if (cpus_have_const_cap(ARM64_MISMATCHED_CACHE_TYPE) ||
 	    vcpu_el1_is_32bit(vcpu))
 		vcpu->arch.hcr_el2 |= HCR_TID2;
+
+	if (kvm_has_mte(vcpu->kvm))
+		vcpu->arch.hcr_el2 |= HCR_ATA;
 }
 
 static inline unsigned long *vcpu_hcr(struct kvm_vcpu *vcpu)
diff --git a/arch/arm64/include/asm/kvm_host.h b/arch/arm64/include/asm/kvm_host.h
index 3d10e6527f7d..1170ee137096 100644
--- a/arch/arm64/include/asm/kvm_host.h
+++ b/arch/arm64/include/asm/kvm_host.h
@@ -132,6 +132,8 @@  struct kvm_arch {
 
 	u8 pfr0_csv2;
 	u8 pfr0_csv3;
+	/* Memory Tagging Extension enabled for the guest */
+	bool mte_enabled;
 };
 
 struct kvm_vcpu_fault_info {
@@ -767,6 +769,7 @@  bool kvm_arm_vcpu_is_finalized(struct kvm_vcpu *vcpu);
 #define kvm_arm_vcpu_sve_finalized(vcpu) \
 	((vcpu)->arch.flags & KVM_ARM64_VCPU_SVE_FINALIZED)
 
+#define kvm_has_mte(kvm) (system_supports_mte() && (kvm)->arch.mte_enabled)
 #define kvm_vcpu_has_pmu(vcpu)					\
 	(test_bit(KVM_ARM_VCPU_PMU_V3, (vcpu)->arch.features))
 
diff --git a/arch/arm64/kvm/hyp/exception.c b/arch/arm64/kvm/hyp/exception.c
index 73629094f903..56426565600c 100644
--- a/arch/arm64/kvm/hyp/exception.c
+++ b/arch/arm64/kvm/hyp/exception.c
@@ -112,7 +112,8 @@  static void enter_exception64(struct kvm_vcpu *vcpu, unsigned long target_mode,
 	new |= (old & PSR_C_BIT);
 	new |= (old & PSR_V_BIT);
 
-	// TODO: TCO (if/when ARMv8.5-MemTag is exposed to guests)
+	if (kvm_has_mte(vcpu->kvm))
+		new |= PSR_TCO_BIT;
 
 	new |= (old & PSR_DIT_BIT);
 
diff --git a/arch/arm64/kvm/mmu.c b/arch/arm64/kvm/mmu.c
index 77cb2d28f2a4..5f8e165ea053 100644
--- a/arch/arm64/kvm/mmu.c
+++ b/arch/arm64/kvm/mmu.c
@@ -879,6 +879,26 @@  static int user_mem_abort(struct kvm_vcpu *vcpu, phys_addr_t fault_ipa,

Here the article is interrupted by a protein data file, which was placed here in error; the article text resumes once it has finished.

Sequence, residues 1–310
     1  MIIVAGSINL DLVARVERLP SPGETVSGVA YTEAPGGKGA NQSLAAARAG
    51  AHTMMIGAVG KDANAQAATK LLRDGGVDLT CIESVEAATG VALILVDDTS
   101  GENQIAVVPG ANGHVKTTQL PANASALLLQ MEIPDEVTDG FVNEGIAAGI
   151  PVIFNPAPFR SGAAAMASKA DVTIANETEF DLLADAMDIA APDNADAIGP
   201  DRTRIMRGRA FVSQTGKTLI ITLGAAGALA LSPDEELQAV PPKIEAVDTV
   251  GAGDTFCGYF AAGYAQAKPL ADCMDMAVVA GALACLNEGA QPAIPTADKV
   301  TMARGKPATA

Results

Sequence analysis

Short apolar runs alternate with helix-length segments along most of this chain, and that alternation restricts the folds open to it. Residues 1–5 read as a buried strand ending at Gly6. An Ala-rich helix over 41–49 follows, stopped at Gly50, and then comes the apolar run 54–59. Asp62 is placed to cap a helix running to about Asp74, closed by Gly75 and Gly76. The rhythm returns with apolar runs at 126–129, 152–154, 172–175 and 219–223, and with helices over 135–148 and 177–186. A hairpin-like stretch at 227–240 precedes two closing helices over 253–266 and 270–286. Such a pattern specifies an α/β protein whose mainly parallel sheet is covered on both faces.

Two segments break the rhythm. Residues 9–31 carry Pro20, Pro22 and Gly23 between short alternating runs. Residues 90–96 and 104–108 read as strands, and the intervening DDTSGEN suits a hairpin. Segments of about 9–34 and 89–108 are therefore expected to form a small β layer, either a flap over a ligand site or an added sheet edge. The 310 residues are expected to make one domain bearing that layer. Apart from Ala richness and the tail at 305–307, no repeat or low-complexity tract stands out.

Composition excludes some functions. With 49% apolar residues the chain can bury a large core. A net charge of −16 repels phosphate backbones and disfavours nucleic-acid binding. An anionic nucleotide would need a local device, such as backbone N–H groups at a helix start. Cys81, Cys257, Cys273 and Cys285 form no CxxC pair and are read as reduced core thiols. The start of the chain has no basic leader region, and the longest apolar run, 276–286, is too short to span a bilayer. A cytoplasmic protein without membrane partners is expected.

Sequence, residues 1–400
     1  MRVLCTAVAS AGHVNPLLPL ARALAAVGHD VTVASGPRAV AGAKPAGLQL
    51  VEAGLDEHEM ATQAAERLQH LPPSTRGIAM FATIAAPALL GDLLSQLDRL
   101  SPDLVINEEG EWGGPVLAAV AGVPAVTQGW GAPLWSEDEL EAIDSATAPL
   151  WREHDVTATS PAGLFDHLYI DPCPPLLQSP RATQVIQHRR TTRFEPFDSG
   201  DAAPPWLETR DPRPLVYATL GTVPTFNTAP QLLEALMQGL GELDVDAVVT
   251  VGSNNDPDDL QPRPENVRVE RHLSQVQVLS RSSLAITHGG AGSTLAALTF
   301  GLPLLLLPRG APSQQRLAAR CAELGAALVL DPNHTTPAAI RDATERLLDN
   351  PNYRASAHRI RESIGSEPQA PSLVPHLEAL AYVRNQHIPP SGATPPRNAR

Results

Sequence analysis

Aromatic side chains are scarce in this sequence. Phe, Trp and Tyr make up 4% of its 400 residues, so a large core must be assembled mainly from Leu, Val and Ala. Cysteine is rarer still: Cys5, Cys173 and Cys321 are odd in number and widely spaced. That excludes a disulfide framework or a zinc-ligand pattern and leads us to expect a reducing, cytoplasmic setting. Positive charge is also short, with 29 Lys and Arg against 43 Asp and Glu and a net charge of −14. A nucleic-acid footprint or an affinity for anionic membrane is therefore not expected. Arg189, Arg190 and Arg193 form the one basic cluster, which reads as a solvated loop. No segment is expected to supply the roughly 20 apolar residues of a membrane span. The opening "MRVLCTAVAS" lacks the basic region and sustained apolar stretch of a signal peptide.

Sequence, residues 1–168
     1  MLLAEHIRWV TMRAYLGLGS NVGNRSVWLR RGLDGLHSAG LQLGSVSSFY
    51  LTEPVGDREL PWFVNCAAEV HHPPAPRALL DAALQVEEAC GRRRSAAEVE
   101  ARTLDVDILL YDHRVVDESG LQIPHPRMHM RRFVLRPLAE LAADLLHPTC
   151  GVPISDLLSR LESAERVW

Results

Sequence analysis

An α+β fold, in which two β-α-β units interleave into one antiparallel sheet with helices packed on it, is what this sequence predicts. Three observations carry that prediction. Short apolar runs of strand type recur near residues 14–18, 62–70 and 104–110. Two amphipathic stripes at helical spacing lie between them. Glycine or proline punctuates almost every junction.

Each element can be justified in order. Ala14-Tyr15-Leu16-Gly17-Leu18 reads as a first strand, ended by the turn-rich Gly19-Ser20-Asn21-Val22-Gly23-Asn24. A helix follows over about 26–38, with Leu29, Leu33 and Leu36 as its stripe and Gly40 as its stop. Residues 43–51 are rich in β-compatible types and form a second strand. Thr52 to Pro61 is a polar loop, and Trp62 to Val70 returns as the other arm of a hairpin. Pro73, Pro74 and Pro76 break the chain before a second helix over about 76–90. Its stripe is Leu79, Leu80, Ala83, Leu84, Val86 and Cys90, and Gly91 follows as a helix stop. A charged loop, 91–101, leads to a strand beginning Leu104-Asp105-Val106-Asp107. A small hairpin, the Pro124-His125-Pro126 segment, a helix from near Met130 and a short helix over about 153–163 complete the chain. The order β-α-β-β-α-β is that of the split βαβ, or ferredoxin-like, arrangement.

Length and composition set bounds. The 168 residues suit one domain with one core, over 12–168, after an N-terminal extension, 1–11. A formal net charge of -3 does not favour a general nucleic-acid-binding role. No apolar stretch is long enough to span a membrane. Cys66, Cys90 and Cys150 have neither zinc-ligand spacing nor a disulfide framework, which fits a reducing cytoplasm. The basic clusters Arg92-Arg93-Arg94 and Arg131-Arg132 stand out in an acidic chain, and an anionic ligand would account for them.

if (vma_pagesize == PAGE_SIZE && !force_pte)
 		vma_pagesize = transparent_hugepage_adjust(memslot, hva,
 							   &pfn, &fault_ipa);
+
+	if (fault_status != FSC_PERM && kvm_has_mte(kvm) && !device &&
+	    pfn_valid(pfn)) {
+		/*
+		 * VM will be able to see the page's tags, so we must ensure
+		 * they have been initialised. if PG_mte_tagged is set, tags
+		 * have already been initialised.
+		 */
+		unsigned long i, nr_pages = vma_pagesize >> PAGE_SHIFT;
+		struct page *page = pfn_to_online_page(pfn);
+
+		if (!page)
+			return -EFAULT;
+
+		for (i = 0; i < nr_pages; i++, page++) {
+			if (!test_and_set_bit(PG_mte_tagged, &page->flags))
+				mte_clear_page_tags(page_address(page));
+		}
+	}
+
 	if (writable)
 		prot |= KVM_PGTABLE_PROT_W;
 
diff --git a/arch/arm64/kvm/sys_regs.c b/arch/arm64/kvm/sys_regs.c
index 4f2f1e3145de..18c87500a7a8 100644
--- a/arch/arm64/kvm/sys_regs.c
+++ b/arch/arm64/kvm/sys_regs.c
@@ -1047,6 +1047,9 @@  static u64 read_id_reg(const struct kvm_vcpu *vcpu,
 		break;
 	case SYS_ID_AA64PFR1_EL1:
 		val &= ~FEATURE(ID_AA64PFR1_MTE);
+		if (kvm_has_mte(vcpu->kvm))
+			val |= FIELD_PREP(FEATURE(ID_AA64PFR1_MTE),
+					  ID_AA64PFR1_MTE);
 		break;
 	case SYS_ID_AA64ISAR1_EL1:
 		if (!vcpu_has_ptrauth(vcpu))
diff --git a/include/uapi/linux/kvm.h b/include/uapi/linux/kvm.h
index f6afee209620..6dc16c09a2d1 100644
--- a/include/uapi/linux/kvm.h
+++ b/include/uapi/linux/kvm.h
@@ -1078,6 +1078,7 @@  struct kvm_ppc_resize_hpt {
 #define KVM_CAP_DIRTY_LOG_RING 192
 #define KVM_CAP_X86_BUS_LOCK_EXIT 193
 #define KVM_CAP_PPC_DAWR1 194
+#define KVM_CAP_ARM_MTE 195
 
 #ifdef KVM_CAP_IRQ_ROUTING